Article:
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InterCommunity Health Network reducing hospital readmissions
Debbie Wilmot, left and Barbara Nay
Debbie Wilmot, left and Barbara Nay are transition coaches in the Hospital-to-Home program in the InterCommunity Health Network Coordinated Care Organization.
June 4, 2013, (Albany) — The InterCommunity Health Network wants to help Oregon Health Plan members avoid unnecessary trips to the emergency department. The coordinated care organization serving Linn, Benton and Lincoln counties has launched a "Hospital-to-Home" initiative at Samaritan Albany General Hospital to reach out to people with certain chronic conditions who are at a higher risk of being readmitted within 30 days of leaving the hospital.

 

"We focus on the patient. We help them manage their own conditions to keep them from being readmitted and also to improve their health," says project lead Gale Blasquez. Blazquez is a program manager with Senior and Disability Services for the Oregon Cascades West Council of Governments, which is guiding the program for the CCO.

"We work with patients to set up their own health goals and we help them reach those goals."  ~ Barbara Nay, R.N.

The program sends a nurse to patients' homes within 48 hours of discharge - the time frame when medication errors and other problems can cause things can to go awry for the patient.

"The home visit is critical," says Barbara Nay, R.N. "Just seeing someone open up the big bag of medicines they've been sent home with – sometimes 12 to 24 different pill bottles – you can't replace just seeing this and what the patient faces trying to understand it all. I make sure they understand how to take their medications."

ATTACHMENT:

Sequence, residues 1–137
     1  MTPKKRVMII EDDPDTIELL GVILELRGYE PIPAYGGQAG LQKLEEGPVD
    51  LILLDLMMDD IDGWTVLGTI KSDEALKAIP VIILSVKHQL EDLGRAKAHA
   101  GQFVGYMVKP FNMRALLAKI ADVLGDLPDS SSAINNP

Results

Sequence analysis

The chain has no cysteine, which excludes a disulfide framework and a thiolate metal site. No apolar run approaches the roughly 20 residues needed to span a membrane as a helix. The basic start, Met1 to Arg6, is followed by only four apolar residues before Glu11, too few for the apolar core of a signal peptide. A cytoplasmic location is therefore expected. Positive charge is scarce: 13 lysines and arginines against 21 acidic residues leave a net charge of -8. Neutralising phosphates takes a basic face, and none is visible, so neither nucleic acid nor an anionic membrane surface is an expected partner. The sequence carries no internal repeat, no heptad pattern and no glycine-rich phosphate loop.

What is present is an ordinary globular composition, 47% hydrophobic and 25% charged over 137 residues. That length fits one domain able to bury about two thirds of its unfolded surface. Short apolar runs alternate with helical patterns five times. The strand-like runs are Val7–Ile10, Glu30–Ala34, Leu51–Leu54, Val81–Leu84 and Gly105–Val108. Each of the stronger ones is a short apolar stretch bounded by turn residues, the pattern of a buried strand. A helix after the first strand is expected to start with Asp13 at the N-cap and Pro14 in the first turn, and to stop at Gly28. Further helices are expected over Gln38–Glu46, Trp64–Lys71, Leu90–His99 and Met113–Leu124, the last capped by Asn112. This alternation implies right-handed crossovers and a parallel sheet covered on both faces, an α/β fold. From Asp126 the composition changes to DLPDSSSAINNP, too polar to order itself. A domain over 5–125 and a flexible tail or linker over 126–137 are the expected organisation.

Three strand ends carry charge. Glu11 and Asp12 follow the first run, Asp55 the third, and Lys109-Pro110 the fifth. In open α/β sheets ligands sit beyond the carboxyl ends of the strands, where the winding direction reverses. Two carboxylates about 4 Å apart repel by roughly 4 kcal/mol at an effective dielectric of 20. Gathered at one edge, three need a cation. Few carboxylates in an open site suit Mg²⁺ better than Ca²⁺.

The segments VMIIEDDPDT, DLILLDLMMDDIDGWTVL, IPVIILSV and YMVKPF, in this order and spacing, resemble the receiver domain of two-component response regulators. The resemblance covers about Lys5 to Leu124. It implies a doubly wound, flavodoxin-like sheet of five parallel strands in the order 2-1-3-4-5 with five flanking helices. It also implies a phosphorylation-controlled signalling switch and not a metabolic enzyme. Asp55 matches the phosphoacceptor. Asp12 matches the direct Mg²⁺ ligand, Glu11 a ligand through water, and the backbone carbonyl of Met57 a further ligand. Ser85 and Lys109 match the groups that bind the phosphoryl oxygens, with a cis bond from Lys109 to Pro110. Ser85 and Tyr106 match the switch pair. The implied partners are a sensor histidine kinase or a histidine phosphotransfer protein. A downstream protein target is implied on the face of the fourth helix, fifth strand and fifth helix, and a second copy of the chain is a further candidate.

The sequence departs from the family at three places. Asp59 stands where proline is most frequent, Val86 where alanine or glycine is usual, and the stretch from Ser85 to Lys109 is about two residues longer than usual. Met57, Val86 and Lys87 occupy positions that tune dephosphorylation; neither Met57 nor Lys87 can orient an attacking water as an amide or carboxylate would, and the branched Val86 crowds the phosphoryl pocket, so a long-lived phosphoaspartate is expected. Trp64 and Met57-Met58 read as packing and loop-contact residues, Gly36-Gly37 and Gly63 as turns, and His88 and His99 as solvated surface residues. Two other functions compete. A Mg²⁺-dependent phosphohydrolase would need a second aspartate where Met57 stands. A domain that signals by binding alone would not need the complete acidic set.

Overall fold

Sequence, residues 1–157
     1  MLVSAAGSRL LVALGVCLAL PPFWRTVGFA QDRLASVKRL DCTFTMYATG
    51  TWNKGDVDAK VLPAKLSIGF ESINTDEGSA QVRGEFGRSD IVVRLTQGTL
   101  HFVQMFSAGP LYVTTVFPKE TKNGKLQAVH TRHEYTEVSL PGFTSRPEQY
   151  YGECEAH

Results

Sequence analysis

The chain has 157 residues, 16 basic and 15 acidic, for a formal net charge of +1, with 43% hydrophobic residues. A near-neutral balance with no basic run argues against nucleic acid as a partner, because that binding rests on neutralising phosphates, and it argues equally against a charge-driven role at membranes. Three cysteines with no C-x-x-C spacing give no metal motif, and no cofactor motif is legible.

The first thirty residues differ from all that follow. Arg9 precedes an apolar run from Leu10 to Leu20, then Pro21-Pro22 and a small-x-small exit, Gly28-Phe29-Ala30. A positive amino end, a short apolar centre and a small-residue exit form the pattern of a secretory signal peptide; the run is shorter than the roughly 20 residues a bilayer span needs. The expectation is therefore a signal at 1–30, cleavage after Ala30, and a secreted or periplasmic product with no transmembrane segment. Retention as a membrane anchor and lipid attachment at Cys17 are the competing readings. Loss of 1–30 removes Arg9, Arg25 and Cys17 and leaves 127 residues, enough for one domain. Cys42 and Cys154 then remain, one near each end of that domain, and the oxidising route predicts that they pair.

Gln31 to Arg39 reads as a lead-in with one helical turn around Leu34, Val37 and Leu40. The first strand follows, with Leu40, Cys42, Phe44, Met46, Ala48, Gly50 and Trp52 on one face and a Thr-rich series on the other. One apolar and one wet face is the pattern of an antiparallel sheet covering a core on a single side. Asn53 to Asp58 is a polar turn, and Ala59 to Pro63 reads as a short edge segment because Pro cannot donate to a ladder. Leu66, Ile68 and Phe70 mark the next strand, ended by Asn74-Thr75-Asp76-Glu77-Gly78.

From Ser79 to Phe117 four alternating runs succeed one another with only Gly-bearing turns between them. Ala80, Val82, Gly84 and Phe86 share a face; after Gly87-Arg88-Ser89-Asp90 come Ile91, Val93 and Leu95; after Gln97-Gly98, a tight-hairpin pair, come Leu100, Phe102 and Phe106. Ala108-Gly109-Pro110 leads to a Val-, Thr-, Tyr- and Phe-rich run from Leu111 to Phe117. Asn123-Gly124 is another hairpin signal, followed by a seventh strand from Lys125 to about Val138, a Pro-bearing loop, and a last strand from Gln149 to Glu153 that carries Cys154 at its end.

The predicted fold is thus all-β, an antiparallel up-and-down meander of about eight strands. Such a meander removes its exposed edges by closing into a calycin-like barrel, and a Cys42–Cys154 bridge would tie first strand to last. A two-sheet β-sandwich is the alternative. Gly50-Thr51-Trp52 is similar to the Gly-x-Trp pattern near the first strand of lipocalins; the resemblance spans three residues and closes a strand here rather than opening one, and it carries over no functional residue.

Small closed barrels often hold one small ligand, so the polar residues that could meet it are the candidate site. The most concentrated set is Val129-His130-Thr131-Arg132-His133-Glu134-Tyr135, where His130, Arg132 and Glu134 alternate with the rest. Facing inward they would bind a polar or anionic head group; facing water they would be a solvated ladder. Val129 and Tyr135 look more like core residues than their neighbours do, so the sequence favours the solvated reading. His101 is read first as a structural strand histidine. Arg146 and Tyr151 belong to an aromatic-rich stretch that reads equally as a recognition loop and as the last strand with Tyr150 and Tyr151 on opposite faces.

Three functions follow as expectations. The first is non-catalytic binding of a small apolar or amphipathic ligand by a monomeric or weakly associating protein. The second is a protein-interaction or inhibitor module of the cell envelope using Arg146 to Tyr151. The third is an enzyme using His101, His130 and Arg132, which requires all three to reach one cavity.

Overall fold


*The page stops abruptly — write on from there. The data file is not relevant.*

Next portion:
Nay also makes sure patients can get to any needed follow-up appointments. If they don't have transportation, she will connect them to community services for help. Sometimes she refers people to rehabilitation programs or mental health and alcohol or drug counseling services. She also teaches patients to recognize and respond to red flags – such as when a call to 911 is really needed.

Nay also makes sure patients are able to get to any needed follow-up appointments. If they don't have transportation, she will connect them to community services that can help. Sometimes she refers people to rehabilitation programs or mental health and addiction services. And she teaches the patients to recognize and respond to red flags – such as when a call to 911 is really needed.

"An important aspect of the program is that we work with patients to set up their own health goals and we help them reach those goals," Nay says.

Nationally, the hospital readmission rate is about 17 to 22 percent for patients with chronic diseases. Although InterCommunity's program is in its infancy, Blasquez estimates that the readmission rate is below 10 percent for the 37 patients the program has served since it was launched in January.

Now, Blasquez says, InterCommunity plans to expand the program to other hospitals in the CCO's service area.